Local Hero Post’s Leandro Marini on the Promise of Creative DI
Using Assimilate Scratch for Color, Comping and VFX and Building a Post Collective
I first sat down with colorist and Local Hero Post owner Leandro Marini back in September during IBC. In front of a full Assimilate Scratch system in a curtained corner of Assimilate's booth, he showed me some of the things he was able to do on one of his recent projects. At the time, the film we discussed was still under NDA. That film, The Haunting in Connecticut 2: Ghosts of Georgia, let Marini experiment with Scratch in ways even he and Assimilate never imagined. The boutique facility also did the DI for the successful Universal comedy Pitch Perfect, and Marini and Dark Highway Films (founded by Local Hero Post partner James Cotten) will produce I Remember You, the facility's first independent film; Claudia Sparrow will direct. Marini calls his Scratch-evolved workflow "creative DI," a term since adopted by Assimilate through their close collaboration with Marini. We spoke again recently when Marini was on a break from his current project, a reboot of a familiar horror classic from the late 1980s.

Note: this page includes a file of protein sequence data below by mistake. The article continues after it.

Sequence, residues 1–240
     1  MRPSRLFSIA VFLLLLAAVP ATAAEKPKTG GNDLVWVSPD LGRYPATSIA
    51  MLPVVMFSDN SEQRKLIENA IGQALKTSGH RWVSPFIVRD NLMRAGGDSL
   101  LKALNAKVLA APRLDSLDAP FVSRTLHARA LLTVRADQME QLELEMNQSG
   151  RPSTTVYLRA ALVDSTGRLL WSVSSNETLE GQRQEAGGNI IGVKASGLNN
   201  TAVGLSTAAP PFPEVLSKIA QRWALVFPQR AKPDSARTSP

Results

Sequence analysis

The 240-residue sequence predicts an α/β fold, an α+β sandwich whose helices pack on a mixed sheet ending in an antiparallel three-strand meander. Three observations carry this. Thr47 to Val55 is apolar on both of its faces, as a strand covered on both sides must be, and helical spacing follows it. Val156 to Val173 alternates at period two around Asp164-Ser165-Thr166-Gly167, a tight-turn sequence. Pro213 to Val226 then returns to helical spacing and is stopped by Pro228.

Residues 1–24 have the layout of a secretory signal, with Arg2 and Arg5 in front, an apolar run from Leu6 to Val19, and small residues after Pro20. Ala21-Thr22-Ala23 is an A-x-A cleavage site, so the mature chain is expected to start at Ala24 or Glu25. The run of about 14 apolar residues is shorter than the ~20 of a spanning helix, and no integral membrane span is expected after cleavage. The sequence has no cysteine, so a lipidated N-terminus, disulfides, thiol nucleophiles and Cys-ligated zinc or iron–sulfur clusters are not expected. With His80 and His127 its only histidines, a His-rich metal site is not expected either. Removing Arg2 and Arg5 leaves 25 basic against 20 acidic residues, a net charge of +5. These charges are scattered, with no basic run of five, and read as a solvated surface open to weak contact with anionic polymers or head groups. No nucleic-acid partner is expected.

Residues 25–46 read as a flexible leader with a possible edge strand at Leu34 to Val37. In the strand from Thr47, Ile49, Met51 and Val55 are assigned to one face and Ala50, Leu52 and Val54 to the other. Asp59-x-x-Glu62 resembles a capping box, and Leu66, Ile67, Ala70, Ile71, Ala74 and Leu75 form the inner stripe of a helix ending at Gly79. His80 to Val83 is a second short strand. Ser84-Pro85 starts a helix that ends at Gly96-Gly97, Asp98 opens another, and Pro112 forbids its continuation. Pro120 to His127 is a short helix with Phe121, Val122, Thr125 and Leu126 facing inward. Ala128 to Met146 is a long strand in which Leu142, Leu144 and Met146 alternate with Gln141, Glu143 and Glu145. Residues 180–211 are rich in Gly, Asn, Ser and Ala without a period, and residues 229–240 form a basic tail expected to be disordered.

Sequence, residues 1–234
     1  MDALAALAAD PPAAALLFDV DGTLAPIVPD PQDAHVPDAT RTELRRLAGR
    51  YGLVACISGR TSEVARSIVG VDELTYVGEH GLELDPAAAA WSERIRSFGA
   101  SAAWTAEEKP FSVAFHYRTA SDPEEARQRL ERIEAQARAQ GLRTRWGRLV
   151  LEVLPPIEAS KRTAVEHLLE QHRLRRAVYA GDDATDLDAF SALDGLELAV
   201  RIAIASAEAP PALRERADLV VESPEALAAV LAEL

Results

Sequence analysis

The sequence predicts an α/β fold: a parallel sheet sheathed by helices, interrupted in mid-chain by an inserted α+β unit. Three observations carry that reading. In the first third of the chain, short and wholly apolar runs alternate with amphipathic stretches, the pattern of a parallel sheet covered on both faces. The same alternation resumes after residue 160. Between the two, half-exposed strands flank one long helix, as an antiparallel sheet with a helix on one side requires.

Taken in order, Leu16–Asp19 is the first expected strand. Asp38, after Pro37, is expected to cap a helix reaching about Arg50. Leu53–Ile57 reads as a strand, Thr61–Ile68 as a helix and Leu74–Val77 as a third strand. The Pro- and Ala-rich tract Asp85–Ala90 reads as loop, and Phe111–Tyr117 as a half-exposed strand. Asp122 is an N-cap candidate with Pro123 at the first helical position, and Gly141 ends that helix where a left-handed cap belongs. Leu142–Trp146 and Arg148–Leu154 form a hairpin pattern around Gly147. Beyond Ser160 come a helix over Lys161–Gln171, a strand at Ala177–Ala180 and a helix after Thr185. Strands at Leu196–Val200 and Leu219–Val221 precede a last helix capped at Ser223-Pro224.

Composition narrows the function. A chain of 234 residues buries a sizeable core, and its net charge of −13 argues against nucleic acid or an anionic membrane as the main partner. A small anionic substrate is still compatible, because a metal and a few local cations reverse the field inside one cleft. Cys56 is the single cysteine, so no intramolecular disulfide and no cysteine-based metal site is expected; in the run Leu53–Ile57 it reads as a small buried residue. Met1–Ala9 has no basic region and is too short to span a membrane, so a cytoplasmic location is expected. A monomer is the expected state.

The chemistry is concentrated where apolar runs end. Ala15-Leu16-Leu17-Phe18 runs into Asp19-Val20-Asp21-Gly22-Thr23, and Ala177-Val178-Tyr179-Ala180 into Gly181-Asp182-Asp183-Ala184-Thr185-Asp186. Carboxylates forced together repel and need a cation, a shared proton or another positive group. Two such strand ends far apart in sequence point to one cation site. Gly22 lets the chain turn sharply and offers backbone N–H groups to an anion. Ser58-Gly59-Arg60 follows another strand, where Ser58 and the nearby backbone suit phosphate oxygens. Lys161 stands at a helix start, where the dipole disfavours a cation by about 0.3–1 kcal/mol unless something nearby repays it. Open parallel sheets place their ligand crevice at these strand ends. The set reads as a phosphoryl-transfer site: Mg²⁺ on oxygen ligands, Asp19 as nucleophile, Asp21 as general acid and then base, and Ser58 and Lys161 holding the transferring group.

StudioDaily: How do you define "creative DI"?
We're really about pushing the DI art form to the next level, where we're incorporating visual effects into our DIs. On every project we try to move the goal posts forward on what can be done. We want to be the creative DI shop. I was one of the ones that pushed Assimilate in that direction early on, to be honest. I was showing them what we were doing with Scratch, and they were very excited to see what could be done. The reason we were getting these larger films is because of the workflow we're employing. We try to never say no to a client. Whatever kooky, crazy thing they want to try in a DI, we try it. We usually go back to Assimilate and say, 'Hey, this client wants to try doing 400 digital breath shots in Scratch, or this client wants to do 600 ghost VFX during their DI. We think we can do it this way, what do you guys think?' We collaborate with the guys at Assimilate and they come up with some crazy workflow and we try it. Every time we hit the limits of our abilities and the system's, we go back to Assimilate and say, 'Here's what we learned on this film. What if we had this feature or features?'
Do you think Scratch, in its current version 7, is a VFX tool that can stand on its own?